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What's Left After You Survive a Hurricane

Vanna Winters
Destruction left after a hurricane, fallen tress on the street of a neighborhood

I cautiously took my first few steps out of the bathroom that had given our family, all five of us and our animals, shelter for almost four agonizing hours. We huddled together listening to the fury of the storm as she barreled up our coast and across the state. Branches whipped our windows, siding and shingles slammed into the house as we waited in darkness. We had no way of connecting the terrifying sounds to a visual because we couldn’t see in our windowless refuge. I was left to wonder what would lay in wait for us in the aftermath of Irma’s wake.

Opening our front door and realizing it had become a portal to another dimension as I took in my first glance. Astonishment washed over me as I attempted to process the images of our newly transformed landscape. I was left baffled as I gave my best effort to put into words what I saw before me. My husband and I turned in each other’s direction, mouths agape.

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Adrenaline surged through my body as I gazed out and took a moment to absorb what we had just endured. It could have been so much worse. I may have felt the wind shake our walls as it tried it’s best to pry off our roof. But it had failed. The roof was intact, miraculously, and our walls still upright. Badly beaten up, shaken to the foundation but still standing, much like us.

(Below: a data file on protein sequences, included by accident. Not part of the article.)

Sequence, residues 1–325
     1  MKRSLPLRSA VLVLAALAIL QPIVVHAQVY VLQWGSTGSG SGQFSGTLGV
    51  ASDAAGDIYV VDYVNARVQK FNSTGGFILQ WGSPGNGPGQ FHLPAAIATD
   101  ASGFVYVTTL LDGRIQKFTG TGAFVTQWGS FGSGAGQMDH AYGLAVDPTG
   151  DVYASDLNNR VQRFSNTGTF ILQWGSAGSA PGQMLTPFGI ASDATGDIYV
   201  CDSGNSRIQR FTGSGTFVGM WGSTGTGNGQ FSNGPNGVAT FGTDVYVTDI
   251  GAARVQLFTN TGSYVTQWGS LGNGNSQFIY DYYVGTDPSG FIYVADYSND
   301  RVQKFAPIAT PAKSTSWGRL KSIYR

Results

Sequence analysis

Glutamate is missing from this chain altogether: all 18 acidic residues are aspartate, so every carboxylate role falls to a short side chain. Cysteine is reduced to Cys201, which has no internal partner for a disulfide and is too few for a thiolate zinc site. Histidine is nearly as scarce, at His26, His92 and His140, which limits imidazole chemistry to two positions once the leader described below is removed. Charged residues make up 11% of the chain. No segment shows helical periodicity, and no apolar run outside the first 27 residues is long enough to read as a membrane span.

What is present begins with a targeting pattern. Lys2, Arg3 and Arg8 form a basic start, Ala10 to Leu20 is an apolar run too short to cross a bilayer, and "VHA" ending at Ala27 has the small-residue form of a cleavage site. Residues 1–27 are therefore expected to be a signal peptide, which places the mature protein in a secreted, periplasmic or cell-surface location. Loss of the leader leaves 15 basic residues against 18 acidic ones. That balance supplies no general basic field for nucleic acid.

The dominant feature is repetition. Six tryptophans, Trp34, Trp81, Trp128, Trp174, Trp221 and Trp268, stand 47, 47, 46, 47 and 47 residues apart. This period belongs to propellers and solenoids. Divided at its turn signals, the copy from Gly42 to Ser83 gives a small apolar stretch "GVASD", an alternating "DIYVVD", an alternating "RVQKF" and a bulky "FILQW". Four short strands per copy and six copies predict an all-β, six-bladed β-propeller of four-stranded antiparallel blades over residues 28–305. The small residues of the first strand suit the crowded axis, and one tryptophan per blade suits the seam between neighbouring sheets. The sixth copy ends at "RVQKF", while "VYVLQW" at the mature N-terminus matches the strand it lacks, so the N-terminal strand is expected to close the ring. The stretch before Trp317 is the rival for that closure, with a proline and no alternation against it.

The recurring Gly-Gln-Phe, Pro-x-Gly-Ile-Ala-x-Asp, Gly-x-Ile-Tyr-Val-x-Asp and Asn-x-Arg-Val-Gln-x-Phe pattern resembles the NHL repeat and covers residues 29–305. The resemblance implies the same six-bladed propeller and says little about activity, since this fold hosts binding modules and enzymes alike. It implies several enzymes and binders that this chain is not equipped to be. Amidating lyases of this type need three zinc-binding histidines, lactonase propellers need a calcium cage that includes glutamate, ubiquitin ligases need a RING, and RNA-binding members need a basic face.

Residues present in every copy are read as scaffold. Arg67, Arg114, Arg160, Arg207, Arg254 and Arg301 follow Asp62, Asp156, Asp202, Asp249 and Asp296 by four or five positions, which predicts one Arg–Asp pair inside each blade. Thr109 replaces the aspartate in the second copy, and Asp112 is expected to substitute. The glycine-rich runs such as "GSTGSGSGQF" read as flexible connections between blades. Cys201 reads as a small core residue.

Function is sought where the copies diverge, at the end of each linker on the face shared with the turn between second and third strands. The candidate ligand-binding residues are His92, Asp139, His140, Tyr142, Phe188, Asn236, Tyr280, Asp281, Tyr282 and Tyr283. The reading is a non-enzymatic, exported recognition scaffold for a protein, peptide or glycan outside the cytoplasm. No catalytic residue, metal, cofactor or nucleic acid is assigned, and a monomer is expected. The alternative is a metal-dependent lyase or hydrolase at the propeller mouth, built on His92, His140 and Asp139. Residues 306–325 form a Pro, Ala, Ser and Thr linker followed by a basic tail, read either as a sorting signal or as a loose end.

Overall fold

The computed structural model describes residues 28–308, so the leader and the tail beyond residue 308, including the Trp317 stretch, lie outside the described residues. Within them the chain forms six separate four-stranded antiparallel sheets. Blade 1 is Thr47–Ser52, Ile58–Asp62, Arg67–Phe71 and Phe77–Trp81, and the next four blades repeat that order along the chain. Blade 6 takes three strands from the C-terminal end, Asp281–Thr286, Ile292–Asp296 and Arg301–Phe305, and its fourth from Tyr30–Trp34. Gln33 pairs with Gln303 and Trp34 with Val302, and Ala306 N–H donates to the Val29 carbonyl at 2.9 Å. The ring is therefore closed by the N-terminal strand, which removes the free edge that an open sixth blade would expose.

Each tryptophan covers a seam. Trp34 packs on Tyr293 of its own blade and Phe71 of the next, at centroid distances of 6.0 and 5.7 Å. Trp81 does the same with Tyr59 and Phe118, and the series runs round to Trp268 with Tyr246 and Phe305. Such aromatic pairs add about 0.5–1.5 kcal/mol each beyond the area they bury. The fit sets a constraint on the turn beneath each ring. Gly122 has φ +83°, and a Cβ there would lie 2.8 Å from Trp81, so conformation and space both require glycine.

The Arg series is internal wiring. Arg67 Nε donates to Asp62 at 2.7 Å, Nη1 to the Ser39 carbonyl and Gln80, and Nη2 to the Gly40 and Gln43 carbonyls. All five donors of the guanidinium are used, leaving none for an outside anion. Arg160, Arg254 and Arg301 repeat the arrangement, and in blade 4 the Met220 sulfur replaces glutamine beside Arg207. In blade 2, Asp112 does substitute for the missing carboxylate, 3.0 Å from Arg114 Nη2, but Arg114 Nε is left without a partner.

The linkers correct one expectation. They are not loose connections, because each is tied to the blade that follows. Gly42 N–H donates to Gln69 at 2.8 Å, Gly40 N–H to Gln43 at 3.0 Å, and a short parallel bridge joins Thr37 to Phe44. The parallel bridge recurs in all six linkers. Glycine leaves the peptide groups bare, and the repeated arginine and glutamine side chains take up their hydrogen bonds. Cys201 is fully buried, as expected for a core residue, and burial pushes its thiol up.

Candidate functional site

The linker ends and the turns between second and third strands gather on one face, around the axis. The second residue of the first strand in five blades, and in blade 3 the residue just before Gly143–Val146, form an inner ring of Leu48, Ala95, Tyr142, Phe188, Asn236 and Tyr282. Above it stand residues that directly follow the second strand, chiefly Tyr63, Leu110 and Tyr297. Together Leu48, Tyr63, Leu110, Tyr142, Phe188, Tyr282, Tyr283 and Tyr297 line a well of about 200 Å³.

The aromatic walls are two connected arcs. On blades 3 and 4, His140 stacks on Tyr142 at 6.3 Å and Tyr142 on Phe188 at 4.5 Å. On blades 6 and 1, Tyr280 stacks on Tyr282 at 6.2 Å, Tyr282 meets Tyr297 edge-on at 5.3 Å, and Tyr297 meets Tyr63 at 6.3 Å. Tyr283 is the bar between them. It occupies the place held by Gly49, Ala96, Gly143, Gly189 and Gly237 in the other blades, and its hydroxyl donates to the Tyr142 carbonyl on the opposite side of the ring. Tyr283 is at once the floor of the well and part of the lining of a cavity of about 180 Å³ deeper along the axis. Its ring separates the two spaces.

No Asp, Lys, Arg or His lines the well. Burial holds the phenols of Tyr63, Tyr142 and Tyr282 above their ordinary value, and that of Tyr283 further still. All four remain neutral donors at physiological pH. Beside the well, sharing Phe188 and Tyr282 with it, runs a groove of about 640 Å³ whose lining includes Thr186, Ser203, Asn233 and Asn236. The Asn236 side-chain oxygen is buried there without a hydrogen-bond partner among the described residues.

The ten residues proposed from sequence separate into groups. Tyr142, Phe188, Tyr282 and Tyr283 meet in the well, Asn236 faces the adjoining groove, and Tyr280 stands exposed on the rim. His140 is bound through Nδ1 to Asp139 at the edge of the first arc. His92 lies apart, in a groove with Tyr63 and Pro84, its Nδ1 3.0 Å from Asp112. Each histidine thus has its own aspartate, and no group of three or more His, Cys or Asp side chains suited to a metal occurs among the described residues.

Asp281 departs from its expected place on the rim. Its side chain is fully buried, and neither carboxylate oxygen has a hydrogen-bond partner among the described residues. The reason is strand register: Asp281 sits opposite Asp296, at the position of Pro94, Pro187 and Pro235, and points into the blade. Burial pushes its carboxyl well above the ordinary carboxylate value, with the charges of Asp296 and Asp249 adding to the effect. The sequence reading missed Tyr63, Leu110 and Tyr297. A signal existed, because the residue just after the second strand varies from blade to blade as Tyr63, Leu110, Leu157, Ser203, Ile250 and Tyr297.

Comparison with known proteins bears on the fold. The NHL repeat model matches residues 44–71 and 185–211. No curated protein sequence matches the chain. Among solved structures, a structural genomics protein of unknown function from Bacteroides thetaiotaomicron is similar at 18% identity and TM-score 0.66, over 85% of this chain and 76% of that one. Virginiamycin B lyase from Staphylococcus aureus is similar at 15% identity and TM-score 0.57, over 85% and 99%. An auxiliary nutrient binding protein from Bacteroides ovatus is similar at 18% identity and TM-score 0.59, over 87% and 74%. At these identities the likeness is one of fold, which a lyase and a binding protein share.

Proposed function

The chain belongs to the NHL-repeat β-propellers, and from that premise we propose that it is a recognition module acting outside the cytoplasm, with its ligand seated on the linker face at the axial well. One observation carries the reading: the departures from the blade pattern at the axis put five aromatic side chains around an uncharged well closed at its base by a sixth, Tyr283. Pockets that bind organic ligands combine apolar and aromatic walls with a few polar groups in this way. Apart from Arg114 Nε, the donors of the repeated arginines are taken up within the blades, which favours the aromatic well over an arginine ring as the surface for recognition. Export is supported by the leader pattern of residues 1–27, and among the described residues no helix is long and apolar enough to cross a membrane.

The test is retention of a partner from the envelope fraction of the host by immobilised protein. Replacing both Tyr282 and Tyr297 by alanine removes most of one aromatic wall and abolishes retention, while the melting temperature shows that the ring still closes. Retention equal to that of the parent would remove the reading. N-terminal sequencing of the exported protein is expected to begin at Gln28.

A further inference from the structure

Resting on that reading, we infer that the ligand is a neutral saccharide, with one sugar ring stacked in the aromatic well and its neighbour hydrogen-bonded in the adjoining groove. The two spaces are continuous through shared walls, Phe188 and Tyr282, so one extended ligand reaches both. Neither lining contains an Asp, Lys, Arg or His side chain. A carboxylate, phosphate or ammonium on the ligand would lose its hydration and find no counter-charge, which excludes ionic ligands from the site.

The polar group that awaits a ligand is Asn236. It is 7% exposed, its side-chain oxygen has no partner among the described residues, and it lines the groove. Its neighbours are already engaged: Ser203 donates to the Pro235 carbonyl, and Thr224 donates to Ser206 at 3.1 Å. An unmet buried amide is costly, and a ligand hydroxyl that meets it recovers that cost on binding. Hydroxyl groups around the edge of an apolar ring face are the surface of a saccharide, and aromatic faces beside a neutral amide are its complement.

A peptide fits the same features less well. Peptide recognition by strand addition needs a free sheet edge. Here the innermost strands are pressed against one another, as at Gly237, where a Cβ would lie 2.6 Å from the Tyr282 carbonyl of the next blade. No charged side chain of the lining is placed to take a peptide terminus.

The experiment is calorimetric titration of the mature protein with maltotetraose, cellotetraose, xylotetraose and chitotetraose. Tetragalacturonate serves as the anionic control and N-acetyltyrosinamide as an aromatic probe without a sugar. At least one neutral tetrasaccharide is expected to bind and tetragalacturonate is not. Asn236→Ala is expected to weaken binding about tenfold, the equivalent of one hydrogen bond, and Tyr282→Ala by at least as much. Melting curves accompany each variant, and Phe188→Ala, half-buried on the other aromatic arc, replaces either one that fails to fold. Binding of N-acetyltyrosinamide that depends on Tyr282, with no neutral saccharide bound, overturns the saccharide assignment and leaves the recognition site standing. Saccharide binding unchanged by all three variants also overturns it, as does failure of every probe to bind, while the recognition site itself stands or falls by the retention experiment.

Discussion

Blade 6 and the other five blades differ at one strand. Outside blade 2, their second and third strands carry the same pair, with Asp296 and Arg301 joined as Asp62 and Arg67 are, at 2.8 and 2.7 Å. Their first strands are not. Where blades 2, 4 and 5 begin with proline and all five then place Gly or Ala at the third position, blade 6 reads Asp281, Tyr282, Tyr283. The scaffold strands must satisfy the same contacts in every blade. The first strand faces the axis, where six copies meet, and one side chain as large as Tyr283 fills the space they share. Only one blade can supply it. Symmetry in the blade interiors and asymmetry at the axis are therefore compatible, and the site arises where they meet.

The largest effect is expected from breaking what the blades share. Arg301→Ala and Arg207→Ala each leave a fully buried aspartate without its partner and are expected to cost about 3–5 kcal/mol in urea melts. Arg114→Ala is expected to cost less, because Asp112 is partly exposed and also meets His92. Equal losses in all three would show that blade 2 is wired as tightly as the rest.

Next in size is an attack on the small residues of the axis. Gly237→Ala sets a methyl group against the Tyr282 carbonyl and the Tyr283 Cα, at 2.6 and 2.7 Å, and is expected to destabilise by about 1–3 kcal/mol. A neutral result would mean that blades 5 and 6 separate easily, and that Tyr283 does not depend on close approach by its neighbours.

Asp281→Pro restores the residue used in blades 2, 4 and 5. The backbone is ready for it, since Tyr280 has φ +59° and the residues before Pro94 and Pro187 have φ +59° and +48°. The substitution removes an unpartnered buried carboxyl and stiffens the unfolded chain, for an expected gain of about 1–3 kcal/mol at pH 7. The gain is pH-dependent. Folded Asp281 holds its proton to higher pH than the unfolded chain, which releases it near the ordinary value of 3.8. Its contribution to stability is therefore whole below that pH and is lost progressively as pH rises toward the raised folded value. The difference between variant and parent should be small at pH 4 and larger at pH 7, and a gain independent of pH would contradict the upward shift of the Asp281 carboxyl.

I may be looking at devastation literally at my doorstep but it was nowhere near what could have happened if our windows weren’t boarded, if one single nails pulled loose or even an extra whisper of wind snuck through any of the door frames. The gratitude that filled my soul was overwhelming. All that was irreplaceable to me was standing hand-in-hand with me on my front steps. We were together. We were still standing.

In the coming weeks we will begin the tedious task of rebuilding our home and our life, long after the media has lost interest and moved on to the next story. The devastation and loss extend beyond the downed power lines and 50 foot trees snapped like tooth picks, much deeper into each of us that survived this experience. Irma has changed the landscape of not only my beautiful city but of my priorities. It has carved reminders all around me as to what is truly important and opened my eyes to see the crowd of people in my life, though it is small, that have my back through anything. Those who came running to help without hesitation casted us in close to them. They became a net of safety and a well to which we drew our hope from when we were thirsty for it.

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Through this experience I’ve come to realize that if my people are safe, I am safe. Regardless of what is happening around me I know that our strength and wealth is found in each other.

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